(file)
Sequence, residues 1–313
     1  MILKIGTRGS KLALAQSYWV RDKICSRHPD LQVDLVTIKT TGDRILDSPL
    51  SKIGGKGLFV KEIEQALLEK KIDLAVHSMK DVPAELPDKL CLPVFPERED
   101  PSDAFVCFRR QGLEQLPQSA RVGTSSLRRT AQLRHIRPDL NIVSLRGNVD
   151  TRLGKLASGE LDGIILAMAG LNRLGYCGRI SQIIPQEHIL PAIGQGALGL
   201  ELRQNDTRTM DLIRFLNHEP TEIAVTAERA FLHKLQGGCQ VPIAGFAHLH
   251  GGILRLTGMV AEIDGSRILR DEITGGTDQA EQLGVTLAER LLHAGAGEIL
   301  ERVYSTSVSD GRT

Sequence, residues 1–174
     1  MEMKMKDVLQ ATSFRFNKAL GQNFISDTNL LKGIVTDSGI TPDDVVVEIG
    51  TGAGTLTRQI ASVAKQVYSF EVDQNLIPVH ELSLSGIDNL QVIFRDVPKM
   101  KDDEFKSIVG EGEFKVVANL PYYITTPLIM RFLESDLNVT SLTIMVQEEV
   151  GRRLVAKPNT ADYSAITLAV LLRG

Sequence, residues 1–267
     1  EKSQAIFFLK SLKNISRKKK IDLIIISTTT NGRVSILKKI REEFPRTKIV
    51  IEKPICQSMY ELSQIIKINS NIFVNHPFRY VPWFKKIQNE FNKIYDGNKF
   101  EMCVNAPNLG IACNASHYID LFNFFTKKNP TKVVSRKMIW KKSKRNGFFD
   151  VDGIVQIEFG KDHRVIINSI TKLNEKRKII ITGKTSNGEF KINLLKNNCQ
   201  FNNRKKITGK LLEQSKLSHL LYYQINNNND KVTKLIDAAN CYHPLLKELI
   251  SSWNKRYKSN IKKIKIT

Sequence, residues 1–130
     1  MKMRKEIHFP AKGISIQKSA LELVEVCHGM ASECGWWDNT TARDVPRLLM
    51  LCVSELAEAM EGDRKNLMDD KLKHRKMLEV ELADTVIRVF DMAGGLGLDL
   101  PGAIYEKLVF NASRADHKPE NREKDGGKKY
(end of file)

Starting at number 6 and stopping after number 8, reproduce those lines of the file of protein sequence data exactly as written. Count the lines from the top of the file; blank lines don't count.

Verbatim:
   201  ELRQNDTRTM DLIRFLNHEP TEIAVTAERA FLHKLQGGCQ VPIAGFAHLH
   251  GGILRLTGMV AEIDGSRILR DEITGGTDQA EQLGVTLAER LLHAGAGEIL
   301  ERVYSTSVSD GRT